Purportedly to encourage “open government,” the New York State Legislature proposed a bill to amend § 89 of the Public Officers Law (the Freedom of Information Law, or “FOIL”) to provide for a monetary sanction against agencies when they wrongly denied access to records. This was not really new, as the statute already had a discretionary award of costs and attorneys’ fees in favor of a prevailing litigant when the agency had no reasonable basis for refusing a FOIL request. Thus, what was new was an attempt to make such an award mandatory when “the court finds that the agency denied access in material violation of [the Freedom of Information Law] and has no reasonable basis
for denying access.” As proposed by the Legislature, this law, of course, only applied to non-legislative branches of government, including municipalities.
And what exactly was meant by “material violation”? What is “material” on one day in one place may be immaterial the next day or one county to the West. What may be “personally identifying information” in one case may justify redaction, but in another case it may be held a “material violation” as the information may have appeared in a newspaper and was thus deemed already public. Further, at what point does a subjective right of privacy attach to FOIL? While case law is pretty clear that the
color of your car is not private, a home address probably is; but, of course, not in all cases. Fortunately for municipalities, they do not yet have to try to figure out this penal system yet. In a rare, and frankly surprising Veto Memorandum, the Governor provided good reasons for killing this Bill. Sadly, however, he also discloses that “comprehensive reforms” are coming anyway.
The Veto Memorandum from December, 2015, materially reads as follows:
These bills would amend the Public Officers Law in relation to FOIL. While I appreciate the Legislature’s attempt to further transparency in government, these bills provide an unworkable, inequitable, and piecemeal approach to FOIL reform. Specifically, the bills are limited to one branch of government further advancing a fractured system, substantially alter the due process rights of the parties and requestors, eliminate judicial discretion in processing appeals under existing law, and create inconsistencies in
judicial determinations. These concerns are not limited to the executive, but also shared by the judiciary. Specifically, the Office of Court Administration expressed strong concerns that the bills, among other things, divest the appellate division of its current direct authority and discretion in reviewing and processing appeals, even upon consent from the parties.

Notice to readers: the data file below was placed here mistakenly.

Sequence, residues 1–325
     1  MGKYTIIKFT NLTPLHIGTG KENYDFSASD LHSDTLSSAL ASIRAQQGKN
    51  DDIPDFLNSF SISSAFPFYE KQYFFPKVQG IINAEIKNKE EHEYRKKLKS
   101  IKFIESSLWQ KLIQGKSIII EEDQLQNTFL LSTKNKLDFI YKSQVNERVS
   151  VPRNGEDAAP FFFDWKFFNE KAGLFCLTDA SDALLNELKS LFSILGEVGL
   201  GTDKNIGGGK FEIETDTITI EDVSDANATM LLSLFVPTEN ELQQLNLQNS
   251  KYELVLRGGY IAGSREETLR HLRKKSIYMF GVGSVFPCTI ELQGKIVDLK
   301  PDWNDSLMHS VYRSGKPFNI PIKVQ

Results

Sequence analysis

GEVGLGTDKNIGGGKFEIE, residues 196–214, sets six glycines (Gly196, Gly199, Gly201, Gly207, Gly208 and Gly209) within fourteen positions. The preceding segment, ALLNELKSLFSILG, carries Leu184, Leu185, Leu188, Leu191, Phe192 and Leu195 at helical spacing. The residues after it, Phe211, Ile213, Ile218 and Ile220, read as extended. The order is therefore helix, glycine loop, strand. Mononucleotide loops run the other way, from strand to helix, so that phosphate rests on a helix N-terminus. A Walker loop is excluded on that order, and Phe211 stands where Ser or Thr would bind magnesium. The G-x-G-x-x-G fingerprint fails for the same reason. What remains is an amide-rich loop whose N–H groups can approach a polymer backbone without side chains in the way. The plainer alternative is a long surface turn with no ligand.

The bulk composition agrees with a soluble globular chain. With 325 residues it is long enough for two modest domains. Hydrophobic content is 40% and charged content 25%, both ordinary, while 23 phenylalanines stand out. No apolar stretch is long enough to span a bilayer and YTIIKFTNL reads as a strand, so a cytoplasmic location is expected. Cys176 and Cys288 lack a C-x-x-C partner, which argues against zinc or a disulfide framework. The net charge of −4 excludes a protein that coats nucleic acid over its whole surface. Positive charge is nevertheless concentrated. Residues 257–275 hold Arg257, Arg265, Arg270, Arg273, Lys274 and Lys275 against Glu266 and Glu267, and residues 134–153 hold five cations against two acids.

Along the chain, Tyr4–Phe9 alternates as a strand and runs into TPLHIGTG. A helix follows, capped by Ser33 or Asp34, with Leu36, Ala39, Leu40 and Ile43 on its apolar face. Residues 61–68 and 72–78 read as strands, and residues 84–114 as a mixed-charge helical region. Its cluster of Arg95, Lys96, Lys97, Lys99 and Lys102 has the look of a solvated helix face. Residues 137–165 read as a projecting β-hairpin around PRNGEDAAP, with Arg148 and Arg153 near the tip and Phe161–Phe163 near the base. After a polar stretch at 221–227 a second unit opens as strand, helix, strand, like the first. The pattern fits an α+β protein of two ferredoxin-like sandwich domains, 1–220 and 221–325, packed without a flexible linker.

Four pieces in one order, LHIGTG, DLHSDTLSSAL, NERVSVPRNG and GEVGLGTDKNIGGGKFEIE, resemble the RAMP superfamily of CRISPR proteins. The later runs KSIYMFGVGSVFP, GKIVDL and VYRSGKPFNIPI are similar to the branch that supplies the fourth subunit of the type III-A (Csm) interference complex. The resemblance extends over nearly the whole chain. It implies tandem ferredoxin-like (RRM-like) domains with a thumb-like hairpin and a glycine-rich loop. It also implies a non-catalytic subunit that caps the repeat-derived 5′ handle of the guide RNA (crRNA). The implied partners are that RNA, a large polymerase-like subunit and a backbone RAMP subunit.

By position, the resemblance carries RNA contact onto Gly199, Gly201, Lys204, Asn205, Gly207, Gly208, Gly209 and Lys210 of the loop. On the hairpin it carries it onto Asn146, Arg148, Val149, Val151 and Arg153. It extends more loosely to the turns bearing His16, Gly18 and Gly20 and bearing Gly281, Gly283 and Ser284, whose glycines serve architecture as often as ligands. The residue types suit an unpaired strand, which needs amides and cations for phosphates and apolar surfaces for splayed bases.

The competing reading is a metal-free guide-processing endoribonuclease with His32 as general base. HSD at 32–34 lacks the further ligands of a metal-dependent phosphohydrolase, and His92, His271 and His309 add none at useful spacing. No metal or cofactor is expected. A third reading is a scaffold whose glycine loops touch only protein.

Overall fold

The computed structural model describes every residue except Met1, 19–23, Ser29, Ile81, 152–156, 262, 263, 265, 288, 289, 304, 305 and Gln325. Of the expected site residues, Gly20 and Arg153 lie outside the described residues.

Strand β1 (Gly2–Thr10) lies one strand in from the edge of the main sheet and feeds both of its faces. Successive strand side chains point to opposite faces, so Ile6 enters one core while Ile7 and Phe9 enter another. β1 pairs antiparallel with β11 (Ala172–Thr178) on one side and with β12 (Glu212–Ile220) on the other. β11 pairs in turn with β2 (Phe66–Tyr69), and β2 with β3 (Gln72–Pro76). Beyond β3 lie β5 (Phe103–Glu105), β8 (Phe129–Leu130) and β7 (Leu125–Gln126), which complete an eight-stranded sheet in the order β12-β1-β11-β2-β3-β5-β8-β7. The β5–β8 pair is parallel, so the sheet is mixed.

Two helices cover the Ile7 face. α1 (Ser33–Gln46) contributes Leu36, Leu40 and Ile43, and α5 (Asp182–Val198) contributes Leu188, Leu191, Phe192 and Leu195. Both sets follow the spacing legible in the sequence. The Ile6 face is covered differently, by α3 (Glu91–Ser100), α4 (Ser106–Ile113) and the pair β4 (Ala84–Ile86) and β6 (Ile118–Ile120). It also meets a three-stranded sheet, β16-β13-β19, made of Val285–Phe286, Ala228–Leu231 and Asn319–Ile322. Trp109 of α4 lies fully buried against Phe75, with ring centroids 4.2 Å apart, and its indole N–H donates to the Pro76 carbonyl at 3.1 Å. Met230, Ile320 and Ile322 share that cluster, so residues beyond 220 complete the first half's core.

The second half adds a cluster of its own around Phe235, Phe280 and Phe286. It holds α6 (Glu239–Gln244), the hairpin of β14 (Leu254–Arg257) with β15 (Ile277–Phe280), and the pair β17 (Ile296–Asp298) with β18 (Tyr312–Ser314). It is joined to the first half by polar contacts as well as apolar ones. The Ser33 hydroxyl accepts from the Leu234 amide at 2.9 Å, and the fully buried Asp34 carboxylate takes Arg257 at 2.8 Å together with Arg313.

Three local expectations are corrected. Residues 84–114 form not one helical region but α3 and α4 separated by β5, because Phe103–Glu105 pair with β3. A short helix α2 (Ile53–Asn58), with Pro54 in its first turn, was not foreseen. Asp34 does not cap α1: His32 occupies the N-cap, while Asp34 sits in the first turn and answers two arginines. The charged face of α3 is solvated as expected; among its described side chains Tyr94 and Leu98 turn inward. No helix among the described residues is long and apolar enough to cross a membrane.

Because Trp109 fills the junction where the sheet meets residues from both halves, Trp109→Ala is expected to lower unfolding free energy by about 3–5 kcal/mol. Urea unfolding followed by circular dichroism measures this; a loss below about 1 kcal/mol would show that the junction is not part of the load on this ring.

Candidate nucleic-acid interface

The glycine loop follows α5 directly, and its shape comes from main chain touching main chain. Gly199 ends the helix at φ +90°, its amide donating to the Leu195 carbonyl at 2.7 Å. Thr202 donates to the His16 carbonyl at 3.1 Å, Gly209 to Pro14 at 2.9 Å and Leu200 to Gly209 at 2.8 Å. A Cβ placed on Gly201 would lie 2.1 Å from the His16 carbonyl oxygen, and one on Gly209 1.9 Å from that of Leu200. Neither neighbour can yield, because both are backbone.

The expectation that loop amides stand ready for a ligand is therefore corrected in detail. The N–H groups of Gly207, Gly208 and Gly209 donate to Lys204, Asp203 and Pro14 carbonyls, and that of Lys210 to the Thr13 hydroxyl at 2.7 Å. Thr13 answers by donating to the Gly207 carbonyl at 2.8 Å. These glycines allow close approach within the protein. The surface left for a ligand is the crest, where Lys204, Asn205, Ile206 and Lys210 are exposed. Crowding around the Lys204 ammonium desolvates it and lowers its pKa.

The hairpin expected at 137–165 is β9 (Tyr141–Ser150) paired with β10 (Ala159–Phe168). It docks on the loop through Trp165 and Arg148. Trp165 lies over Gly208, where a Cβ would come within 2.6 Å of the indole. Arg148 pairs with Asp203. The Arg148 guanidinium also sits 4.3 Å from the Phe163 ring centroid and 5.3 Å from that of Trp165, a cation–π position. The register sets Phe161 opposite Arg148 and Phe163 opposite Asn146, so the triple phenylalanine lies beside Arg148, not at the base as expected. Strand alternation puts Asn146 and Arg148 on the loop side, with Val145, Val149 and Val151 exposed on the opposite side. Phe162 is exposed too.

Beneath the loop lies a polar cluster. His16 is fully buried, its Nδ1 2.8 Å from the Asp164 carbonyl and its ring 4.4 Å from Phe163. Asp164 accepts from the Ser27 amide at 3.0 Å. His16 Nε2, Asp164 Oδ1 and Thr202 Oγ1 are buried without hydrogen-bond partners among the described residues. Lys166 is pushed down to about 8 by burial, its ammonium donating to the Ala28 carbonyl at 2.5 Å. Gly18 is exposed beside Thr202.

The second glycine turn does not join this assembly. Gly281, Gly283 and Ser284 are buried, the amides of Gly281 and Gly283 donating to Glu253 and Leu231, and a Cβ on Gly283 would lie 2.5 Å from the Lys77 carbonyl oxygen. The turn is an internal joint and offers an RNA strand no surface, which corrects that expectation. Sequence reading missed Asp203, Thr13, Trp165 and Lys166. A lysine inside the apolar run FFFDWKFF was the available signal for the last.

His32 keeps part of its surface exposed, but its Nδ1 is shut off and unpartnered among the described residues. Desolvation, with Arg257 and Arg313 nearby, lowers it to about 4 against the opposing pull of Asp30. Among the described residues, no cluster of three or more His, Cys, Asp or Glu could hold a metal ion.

The purpose of the FOIL laws is, and has always been, to create an open and transparent government that all New Yorkers can hold proud. However, in addition to radically transforming the litigation process, these bills are myopic in their scope and focus only on one branch of government. This would only serve to perpetuate a fractured system of transparency and data production by intentionally excluding other branches of government.
This is directly contrary to what the Executive has proposed to do. As I stated repeatedly, any reform to the State’s FOIL laws must apply uniformly and equitably to all parties, and ensure that both the legislative and executive branches of state government are subject to the same FOIL provisions. To that end, I will be advancing comprehensive FOIL reform in the next legislative session that applies equally to the Executive and the Legislature, improves transparency, and increases accountability. I look forward to working with the bills’ sponsors and interested stakeholders to address these important issues.
This bill would substantially alter the balance of appellate rights between state agencies and non-state agency requestors. The condensed timeframe would only apply when a state agency appeals an adverse decision, which is necessarily an inequitable outcome. Conversely, a non-state agency party would continue to have the longer time periods for appeal that are currently allowed by law.